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Learn how a Program Related Investment helped entrepreneur Conrad P. Nguyen support his dreams of being a business owner.

The Metropolitan Economic Development Association, better known as Meda, has been supporting business owners for 50 years. Through the Saint Paul & Minnesota Foundation’s Minnesota Community Investment Fund, a Program Related Investment (PRI), fundholders are supporting Meda’s entrepreneurs.

Since its founding, Meda has provided access to capital and technical assistance to more than 20,000 Minnesota BIPOC entrepreneurs. It has also launched more than 500 minority businesses.

“Our mission is to really drive focus on minority business enterprise,” said Meda President and CEO Alfredo Martel. “Ownership is one of the fastest and most effective ways to increase access to wealth and financial capability, not only for one generation, but as we're seeing now, multiple generations.”

Over the years, the Foundation has used PRIs as a way to help fundholders amplify giving. Meda was a recipient of the Foundation’s first donor-led PRI.

PRIs complement grantmaking, offering another way for donors to have an impact on the community – by investing in a loan. PRIs provide below-market-rate loans to organizations that might not have access to traditional financing, all while providing a social benefit return as well as a small capital return to the investor.

“Along with grants, PRIs have supplied us with the net equity that we need to function as a community development financial institution (CDFI),” said Patrick Pariseau, Vice President of Lending and Client Services for Meda. “Our PRIs vary from $200,000 all the way up to $3 million, providing us the opportunity to multiply that factor and diversify our risk with other institutions.”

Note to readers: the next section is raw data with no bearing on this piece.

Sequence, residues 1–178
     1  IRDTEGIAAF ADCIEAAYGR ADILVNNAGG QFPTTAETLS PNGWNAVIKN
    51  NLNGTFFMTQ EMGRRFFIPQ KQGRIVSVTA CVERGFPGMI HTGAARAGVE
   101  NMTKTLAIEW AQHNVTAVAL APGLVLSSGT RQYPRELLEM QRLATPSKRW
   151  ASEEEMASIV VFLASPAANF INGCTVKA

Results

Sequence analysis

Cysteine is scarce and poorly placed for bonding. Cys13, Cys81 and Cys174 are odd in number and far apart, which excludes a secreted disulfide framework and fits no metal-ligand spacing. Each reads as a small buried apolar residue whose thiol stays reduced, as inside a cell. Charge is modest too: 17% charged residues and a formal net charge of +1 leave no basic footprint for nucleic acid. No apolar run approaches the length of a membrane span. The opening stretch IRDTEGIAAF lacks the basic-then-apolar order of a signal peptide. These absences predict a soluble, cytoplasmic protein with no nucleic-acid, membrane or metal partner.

PRI In Action: Kortech

According to Patrick, within one to two years of Meda’s clients obtaining the business, their net worth statement typically goes up by $100,000. One client who was able to grow his business thanks to PRI funds was Conrad P. Nguyen, owner and president of KORTECH.

Conrad began working with Meda in 2019, around the time he was contemplating leaving the corporate sector.

“I decided to pursue a different path, a different journey in entrepreneurship,” Conrad said. “I reached out to George Jacobson (Meda’s Director of the Minnesota MBDA Business Center), Patrick and the team and let them know what I was doing. I found a business that I wanted to buy, and had financing to acquire it, but I needed operating capital, so that’s when I solicited Meda’s support. They provided me with a working capital loan to sustain the business during COVID, and positioned us for growth.”

The company he purchased was KORTECH, a specialized project management and staffing firm connecting people to large companies and government agencies for project and construction management, facility support services and onsite contract staffing. Thanks to Meda, Conrad was not only able to acquire KORTECH, but received technical support in vetting the business and negotiating with the sellers.

“That’s the one thing you often hear about minority-owned businesses and where we struggle the most – having working capital to grow and sustain the business,” Conrad said. “Donors want to make sure that their money is creating an impact. Me, owning a company like KORTECH that’s been around for 50 years, and turning it into a minority-owned business plays a role in that impact and community ecosystem.”

Along with grants, PRIs have supplied us with the net equity that we need to function as a community development financial institution (CDFI).

Patrick Pariseau, Meda

Since purchasing KORTECH, Conrad has made it his mission to employ people of color and women. When redesigning his website, his first instinct was to search for minority, women-led web design companies. He has also made an effort to employ female construction workers at KORTECH. He is not only making changes internally at his company, but with his clients as well.

“A lot of times when big companies talk about diversity and inclusion, it sounds awesome, but it never cascades down, so I’m creating opportunity and opening doors with KORTECH to ensure minorities are in these spaces,” said Conrad.

He is just one of many entrepreneurs who has benefitted from the Foundation’s PRI work. In addition to helping grow minority-owned businesses and protecting jobs, PRIs have helped create new job opportunities, and provide access to affordable housing and home ownership.

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